BUFFALO, N.Y. — Starbucks' Elmwood Avenue location in Buffalo became the first company-owned store in the United States to vote in favor of unionizing Thursday. The votes in favor were 19 and the votes against eight.
The vote tally capped off a union push that was watched around the world and in total included three Western New York Starbucks. The stores on Elmwood Avenue, Camp Road in Hamburg, and Genesee Street across from the Buffalo International Airport in Cheektowaga.
The Starbucks on Camp Road voted against representation. The one on Genesee Street however remains undecided, with seven contested ballots set for further review by the National Labor Relations Board.
While the vote was historic the road to forming a union remains a long one. The other key to establishing organized labor is to negotiate and ratify a contract with the company involved, in this case, Starbucks; a process that University at Buffalo Associate Professor of Sociology Erin Hatton PhD. told 2 On Your Side can take years.
"Really in a way, the [real] work now begins," said Hatton.
Despite the tremendous effort involved in organizing a union drive Hatton, who has studied and written about organized labor for years, explained that not all companies that vote to unionize are able to make it a reality.
"So many times those union workplaces don't make it to their first contract, so they don't stay union workplaces. There are a lot of obstacles in the way, especially when an employer is pushing really hard against the union," Hatton said.
Union organizers have already accused Starbucks of putting obstacles in their way during the union drive process. The company has denied wrongdoing, but Hatton says while the tactics used by firms like Starbucks are legal, they are also blatantly anti-union. The CWA defines one such tactic, called captive audience meetings as "mandatory meetings held by an employer during work hours in order to pressure employees against joining a union, interrogate workers about the organizing campaign, and disseminate union-bashing materials like videos and flyers."
"[Companies] are required to bargain in good faith but it's easy to get around that according to U.S. Labor Law," Hatton said.
Whether Starbucks accepts the result of the vote, only time will tell, but if history is any indication Hatton said that it's not uncommon for companies to dial up the pressure.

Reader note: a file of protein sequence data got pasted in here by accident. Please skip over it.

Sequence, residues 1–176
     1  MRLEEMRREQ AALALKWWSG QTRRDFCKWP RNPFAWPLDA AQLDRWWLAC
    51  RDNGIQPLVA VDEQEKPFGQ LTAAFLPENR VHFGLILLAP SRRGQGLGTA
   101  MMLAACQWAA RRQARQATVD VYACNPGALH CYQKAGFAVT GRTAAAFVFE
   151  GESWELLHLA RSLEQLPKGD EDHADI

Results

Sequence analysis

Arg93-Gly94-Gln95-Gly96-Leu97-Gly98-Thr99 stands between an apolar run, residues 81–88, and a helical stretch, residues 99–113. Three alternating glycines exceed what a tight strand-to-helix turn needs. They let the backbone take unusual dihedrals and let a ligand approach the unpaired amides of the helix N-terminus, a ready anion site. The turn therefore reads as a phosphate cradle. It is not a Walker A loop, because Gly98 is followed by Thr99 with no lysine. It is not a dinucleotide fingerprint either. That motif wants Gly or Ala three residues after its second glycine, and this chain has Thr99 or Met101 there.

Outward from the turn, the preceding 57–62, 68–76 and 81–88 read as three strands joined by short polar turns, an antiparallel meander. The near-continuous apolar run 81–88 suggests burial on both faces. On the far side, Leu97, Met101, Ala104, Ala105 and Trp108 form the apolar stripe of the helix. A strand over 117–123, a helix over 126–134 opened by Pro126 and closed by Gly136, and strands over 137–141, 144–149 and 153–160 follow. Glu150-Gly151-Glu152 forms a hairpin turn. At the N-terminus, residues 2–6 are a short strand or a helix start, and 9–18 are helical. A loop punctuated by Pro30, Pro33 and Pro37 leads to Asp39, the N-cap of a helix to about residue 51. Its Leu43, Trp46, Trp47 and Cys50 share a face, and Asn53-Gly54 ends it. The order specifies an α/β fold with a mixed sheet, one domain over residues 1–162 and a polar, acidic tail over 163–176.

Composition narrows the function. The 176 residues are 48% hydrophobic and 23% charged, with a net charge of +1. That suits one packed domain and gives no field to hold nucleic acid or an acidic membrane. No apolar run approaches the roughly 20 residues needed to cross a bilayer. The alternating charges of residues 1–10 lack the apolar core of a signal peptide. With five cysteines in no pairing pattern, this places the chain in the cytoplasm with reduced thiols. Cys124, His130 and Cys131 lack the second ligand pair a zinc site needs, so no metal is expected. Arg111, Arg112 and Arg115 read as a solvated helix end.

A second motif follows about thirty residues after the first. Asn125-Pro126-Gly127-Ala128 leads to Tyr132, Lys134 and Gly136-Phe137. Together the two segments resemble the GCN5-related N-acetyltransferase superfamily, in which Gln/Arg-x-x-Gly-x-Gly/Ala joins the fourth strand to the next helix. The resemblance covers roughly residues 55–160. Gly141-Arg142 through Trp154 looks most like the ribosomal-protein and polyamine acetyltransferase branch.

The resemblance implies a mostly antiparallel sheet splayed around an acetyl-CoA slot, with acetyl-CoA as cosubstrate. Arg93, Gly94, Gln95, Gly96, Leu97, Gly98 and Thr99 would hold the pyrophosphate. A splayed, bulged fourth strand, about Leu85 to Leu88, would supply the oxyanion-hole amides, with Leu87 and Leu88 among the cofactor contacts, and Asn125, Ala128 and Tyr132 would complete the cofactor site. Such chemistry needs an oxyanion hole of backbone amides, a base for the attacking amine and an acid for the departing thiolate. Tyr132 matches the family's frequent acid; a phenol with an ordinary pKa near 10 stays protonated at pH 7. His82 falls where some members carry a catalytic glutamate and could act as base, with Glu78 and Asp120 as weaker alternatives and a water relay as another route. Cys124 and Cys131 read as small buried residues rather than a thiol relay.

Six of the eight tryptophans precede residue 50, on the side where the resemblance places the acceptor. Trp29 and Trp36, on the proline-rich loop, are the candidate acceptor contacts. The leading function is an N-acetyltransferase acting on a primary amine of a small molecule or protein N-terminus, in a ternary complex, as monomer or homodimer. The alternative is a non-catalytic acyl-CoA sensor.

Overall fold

"The employer is not legally allowed to close a store to prevent a union from forming but there are many, many, many cases of that type of thing happening. Where the company makes the case - well production wasn't very good, well sales weren't very good so we are looking to shift our priorities elsewhere," Hatton said.
And if the company's case is convincing enough it could sway the National Labor Relations Board. Union members however would have the option to appeal such actions.
In a statement, a Starbucks spokesperson said in part, "we are grateful for each partner who exercised their right to vote... independent of the outcome of these elections, we respect the process, and we will continue to stay true to our mission and values."
The full statement reads:
"Today we saw a split vote in two stores in Buffalo with a third vote outcome pending.
Every partner matters. It’s how we built the company. And how we will continue to run the company. We will continue to focus on the best Starbucks experience we can deliver for each other and our customers.
We are grateful for each partner who exercised their right to vote, and as we move forward, we will continue to focus on working to exceed the expectations of all our partners and our customers.
We want to protect partner flexibility and transferability across all stores in a market or a district because we know that’s important to partners, which is why we maintain our belief that every partner in a district or market should have the opportunity to vote on such an important decision.
Independent of the outcome of these elections, we respect the process, and we will continue to stay true to our Mission and Values."
Opens the Door
The service industry has long been devoid of union presence but during a pandemic-induced national labor crisis, many service employees have pushed for more representation; the same kind, those employees at Buffalo's Elmwood location approved.
At the most basic level, Thursday's 19-8 vote gives the okay for the Workers United Labor Organization an affiliate of SEIU to represent staff going forward. Hatton explained that the door opened by Buffalo could spur other Starbucks stores around the country to follow and also seek to unionize.
"I definitely think this win at the Elmwood store will inspire other Starbucks stores across the country. We know that it has already," Hatton said.
"Increasingly there are reports that workers are talking about organizing or filing with the NLRB, the National Labor Relations Board to form a union so this is already happening so this win will only strengthen that movement."